Monday, August 16, 2010

Haut-Koenigbourg Castle near Orschwiller, France

I’m in the Alsace region of France, an area roughly 3,000 square miles bordering Germany (about the size of Delaware). Over the years (and many wars) France and Germany have fought over this territory. In 1871 the land was part of Germany and in 1899 Emperor Wilhelm II (or Kaiser Wilhelm) wanted to, for loss of a better phrase, “mark his territory” so, Haut-Koenigsbourg Castle, which had been in ruins for several hundred years was rebuilt----not as an imperial residence but as a showpiece. Perched majestically atop a high hill (2,600 feet) the castle was carved into the rocks to preserve its strategic and defensive position.

This first photo shows the castle way off in the distance. It was taken eight miles away (using the zoom lens) in the town of Selestat. When you start to get closer to the castle you lose sight of it due to interference of hills and heavy forests blocking the view.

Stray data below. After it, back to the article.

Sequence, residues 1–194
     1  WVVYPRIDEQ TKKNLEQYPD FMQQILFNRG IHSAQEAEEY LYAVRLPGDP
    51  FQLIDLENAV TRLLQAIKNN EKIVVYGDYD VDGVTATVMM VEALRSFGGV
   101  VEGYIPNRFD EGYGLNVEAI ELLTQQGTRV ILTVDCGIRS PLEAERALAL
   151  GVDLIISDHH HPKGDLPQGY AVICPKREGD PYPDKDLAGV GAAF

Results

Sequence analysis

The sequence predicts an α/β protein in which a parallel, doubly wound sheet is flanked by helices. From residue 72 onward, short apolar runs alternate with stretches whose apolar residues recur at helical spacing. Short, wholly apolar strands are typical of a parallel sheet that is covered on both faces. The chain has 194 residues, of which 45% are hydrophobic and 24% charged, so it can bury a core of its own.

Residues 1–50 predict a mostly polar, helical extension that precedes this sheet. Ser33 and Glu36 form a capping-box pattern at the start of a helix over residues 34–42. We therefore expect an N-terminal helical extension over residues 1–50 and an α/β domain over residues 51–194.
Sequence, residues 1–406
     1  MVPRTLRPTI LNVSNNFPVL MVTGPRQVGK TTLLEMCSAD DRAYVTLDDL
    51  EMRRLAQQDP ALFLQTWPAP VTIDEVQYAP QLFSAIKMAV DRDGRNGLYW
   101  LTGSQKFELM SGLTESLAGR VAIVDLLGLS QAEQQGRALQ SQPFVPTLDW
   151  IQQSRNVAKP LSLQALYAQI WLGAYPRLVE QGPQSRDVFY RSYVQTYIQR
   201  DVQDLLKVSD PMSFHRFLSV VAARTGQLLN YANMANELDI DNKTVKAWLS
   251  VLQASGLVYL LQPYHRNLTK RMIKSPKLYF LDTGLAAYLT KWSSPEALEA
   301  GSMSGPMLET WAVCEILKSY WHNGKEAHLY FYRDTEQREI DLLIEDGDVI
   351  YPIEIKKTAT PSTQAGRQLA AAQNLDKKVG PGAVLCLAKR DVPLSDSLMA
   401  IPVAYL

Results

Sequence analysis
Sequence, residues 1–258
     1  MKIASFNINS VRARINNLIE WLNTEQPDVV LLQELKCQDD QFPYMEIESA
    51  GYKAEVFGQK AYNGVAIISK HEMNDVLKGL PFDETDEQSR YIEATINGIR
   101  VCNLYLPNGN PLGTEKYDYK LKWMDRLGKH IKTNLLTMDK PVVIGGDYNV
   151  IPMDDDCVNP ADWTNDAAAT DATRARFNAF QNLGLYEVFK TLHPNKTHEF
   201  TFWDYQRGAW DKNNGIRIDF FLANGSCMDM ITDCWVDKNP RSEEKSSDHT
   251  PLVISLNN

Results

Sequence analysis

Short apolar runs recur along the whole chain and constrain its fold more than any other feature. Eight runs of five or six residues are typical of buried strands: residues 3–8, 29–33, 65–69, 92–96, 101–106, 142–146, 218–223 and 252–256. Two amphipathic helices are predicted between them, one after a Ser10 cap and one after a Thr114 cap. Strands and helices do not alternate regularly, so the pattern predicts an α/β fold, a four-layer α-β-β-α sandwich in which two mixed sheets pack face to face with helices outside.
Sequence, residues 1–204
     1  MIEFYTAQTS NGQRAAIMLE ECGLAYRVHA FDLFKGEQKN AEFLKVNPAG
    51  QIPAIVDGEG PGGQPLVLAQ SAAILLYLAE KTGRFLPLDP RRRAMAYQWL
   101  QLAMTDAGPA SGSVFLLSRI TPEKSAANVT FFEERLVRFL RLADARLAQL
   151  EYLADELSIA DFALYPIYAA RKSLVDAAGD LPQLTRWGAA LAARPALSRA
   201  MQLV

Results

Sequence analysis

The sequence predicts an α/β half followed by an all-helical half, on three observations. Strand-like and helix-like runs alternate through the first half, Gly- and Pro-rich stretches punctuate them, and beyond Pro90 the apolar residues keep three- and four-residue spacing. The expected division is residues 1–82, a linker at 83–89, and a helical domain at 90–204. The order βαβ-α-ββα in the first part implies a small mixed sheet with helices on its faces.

The castle is major tourist attraction receiving over 600,000 visitors a year. Matter of fact, when you get to the top there are no parking lots so, I passed people parking their cars alongside the road more than a mile down the hill. I count four French policeman stationed near the castle entrance roadway mostly to prevent French drivers from blocking the road with their usual double and triple parking.

The pink sandstone gives the castle its unique look.It took eight years to rebuild the castle (1900-1908) with the latest technology being used including building a railway line up the hill to ferry supplies (taken apart when the castle was completed).
Built on a rocky spur on the hilltop, you have views of several different valley floors. As you can see it's a cloudy day. A half hour after snapping this photo it started raining.

Cycling down to the vally floor you pass through several stunningly beautiful villages with their half-timbered homes and colorful flowers.